In a summer or rebooted movies, "The Bourne Legacy" is the latest popcorn flick that looks to reanimate its former self. The fourth film in the Bourne series based on characters created by Robert Ludlum and brought to life on the big screen by Tony Gilroy, "The Bourne Legacy" moves beyond telling the story of Jason Bourne and moves on to tell the story of Aaron Cross played skillfully by Jeremy Renner.
The events of the movie are set concurrently with the events of "The Bourne Ultimatum" released in 2007, which starred Matt Damon as the title character Jason Bourne. Gilroy, who co-wrote the previous three films ("The Bourne Identity", "The Bourne Supremacy" and "The Bourne Ultimatum"), takes over the directorial duties for Paul Greengrass, director of the original three films. Gilroy expertly includes key plot points from "The Bourne Ultimatum" into "The Bourne Legacy" to give the film some continuity as Universal Pictures hopes to extend the life of the franchise, which is especially successful on DVD and blu-ray.
The movie starts off at a much slower pace than previous Bourne films and it takes some time for Gilroy to connect the dots for the audience but when he does, the action is fast, believable and filled with all the great twists and turns that makes the audience adore the spy genre. Gilroy creates, what is often a very complicated movie to follow, into a very simple story for "The Bourne Legacy". Aaron Cross has been participating in a government-endorsed program to create a more sophisticated agent; the same program Jason Bourne belongs to. Cross runs out of the drugs and before the government terminates him due to the exposure of the program by Bourne, he will get his fix.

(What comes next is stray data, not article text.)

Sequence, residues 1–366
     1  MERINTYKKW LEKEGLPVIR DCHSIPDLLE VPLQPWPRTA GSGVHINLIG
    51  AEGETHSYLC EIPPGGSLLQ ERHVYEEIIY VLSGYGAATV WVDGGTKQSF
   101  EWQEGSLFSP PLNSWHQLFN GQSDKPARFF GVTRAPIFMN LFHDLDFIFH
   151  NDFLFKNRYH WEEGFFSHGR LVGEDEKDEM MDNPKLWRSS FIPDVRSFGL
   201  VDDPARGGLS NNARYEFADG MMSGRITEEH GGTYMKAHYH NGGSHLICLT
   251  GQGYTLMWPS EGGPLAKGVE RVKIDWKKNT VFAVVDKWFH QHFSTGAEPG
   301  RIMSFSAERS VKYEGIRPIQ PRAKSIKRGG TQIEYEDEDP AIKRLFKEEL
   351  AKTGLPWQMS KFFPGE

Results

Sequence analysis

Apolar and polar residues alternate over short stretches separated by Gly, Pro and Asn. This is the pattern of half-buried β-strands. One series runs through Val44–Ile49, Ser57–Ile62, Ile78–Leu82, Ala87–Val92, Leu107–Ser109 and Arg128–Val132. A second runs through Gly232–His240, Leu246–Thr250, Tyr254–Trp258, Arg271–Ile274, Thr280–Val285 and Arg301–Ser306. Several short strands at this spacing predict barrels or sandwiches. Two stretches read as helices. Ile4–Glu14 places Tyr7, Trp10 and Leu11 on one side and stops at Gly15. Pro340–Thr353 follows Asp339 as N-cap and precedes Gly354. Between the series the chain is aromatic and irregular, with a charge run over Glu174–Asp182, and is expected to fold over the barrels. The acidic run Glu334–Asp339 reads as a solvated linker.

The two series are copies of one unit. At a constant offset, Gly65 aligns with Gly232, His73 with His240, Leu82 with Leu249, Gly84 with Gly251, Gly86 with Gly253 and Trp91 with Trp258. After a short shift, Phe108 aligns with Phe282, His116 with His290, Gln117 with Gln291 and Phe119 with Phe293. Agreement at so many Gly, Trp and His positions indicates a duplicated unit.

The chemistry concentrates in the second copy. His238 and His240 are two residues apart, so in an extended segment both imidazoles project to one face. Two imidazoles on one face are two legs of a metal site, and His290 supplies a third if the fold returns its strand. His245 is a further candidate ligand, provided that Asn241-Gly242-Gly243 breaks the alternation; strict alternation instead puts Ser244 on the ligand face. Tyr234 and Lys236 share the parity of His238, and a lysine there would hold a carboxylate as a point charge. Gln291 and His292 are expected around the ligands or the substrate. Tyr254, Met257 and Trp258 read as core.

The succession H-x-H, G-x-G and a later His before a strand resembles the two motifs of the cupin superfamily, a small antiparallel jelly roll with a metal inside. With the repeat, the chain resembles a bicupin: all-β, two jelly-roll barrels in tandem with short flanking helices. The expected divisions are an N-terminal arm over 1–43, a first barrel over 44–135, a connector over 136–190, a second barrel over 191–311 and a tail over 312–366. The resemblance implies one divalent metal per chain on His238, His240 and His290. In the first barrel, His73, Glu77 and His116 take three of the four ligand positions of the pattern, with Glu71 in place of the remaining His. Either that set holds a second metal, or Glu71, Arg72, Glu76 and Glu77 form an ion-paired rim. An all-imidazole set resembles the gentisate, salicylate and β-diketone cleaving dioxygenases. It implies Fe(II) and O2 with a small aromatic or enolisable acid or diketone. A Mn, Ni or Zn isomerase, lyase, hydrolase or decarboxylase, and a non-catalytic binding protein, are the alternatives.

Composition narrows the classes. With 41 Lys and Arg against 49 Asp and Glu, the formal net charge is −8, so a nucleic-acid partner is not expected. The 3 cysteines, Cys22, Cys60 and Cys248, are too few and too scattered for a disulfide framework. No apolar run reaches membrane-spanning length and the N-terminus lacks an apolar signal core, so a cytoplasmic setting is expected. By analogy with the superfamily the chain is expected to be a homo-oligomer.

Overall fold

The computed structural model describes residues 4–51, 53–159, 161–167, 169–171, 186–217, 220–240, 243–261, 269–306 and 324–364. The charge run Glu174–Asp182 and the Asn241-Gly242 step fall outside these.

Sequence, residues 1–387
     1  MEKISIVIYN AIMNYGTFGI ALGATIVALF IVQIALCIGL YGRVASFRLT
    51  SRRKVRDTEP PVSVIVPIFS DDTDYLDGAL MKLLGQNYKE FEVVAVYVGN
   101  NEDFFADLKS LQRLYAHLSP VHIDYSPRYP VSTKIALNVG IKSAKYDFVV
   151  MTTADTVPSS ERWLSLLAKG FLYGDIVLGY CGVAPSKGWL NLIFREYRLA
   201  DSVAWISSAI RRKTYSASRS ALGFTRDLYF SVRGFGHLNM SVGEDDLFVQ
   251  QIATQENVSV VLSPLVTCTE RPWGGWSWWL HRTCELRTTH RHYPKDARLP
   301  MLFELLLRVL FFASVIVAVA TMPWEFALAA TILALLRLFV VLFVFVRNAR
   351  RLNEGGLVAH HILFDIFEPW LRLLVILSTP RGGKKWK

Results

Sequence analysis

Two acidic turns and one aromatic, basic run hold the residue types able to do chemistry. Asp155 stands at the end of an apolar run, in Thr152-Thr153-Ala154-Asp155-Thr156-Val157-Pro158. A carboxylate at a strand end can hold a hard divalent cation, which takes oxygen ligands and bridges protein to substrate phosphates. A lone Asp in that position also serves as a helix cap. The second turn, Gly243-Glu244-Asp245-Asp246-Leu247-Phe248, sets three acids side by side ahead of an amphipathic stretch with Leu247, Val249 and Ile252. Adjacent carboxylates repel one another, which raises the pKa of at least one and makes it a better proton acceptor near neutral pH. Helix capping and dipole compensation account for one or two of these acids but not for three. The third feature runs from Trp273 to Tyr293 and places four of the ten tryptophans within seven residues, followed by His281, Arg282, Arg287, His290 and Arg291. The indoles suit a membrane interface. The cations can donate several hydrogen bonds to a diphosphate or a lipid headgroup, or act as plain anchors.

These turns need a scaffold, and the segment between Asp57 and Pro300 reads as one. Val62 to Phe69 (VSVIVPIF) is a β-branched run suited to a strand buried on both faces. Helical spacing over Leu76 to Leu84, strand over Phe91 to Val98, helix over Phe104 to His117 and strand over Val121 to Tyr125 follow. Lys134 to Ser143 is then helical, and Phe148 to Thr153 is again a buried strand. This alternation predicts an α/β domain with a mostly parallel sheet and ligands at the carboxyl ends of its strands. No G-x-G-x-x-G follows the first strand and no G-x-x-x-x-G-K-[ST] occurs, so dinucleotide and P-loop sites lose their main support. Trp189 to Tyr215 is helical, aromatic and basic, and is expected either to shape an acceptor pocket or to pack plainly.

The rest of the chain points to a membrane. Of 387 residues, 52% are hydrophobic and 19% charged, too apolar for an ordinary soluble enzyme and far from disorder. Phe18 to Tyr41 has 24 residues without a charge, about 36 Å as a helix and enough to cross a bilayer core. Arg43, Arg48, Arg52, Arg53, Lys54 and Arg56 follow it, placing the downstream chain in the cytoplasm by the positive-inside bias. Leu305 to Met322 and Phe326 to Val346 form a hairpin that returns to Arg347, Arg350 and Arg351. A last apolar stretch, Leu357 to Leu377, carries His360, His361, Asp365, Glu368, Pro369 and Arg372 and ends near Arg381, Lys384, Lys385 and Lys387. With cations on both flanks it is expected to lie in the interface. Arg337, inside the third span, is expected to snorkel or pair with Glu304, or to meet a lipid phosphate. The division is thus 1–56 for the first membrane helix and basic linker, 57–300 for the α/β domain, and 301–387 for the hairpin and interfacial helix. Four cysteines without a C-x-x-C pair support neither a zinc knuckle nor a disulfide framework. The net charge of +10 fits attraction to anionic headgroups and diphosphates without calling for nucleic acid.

Although Renner does not command the star power that Damon did, he is well on his way, and two Oscar nominations in the last two years show that he has the acting chops to back it up. Rachel Weisz gives a lovely and entertaining performance as Dr. Marta Shearing, a scientist for a pharmaceutical company and Renner's eventual love interest. Shearing is rescued by Cross after surviving a horrific workplace shooting (the timing of the film is interesting with three mass shootings nation-wide in the last month) and near annihilation by the same government agents out to eliminate Cross.
Edward Norton plays Retired Col. Eric Byer of the U.S. Air Force, whose exact new role is unknown but makes it clear that he is in charge. Norton who typically plays characters with a lot of depth seems underused in this film and a little outside his element.
The film is two hours of fun but if Universal was looking to reboot the franchise it needed to go more over the top than it did. The acting is solid. The story is simple to follow but there simply was not enough action for a spy flick. The chase sequence in Manila complete with motorcycle at the end of the movie is entertaining and has some nice oooh and aaah moments but it is just not enough to have this film watcher wanting to see a Renner sequel.
The film is rated PG-13 for violence and action sequences.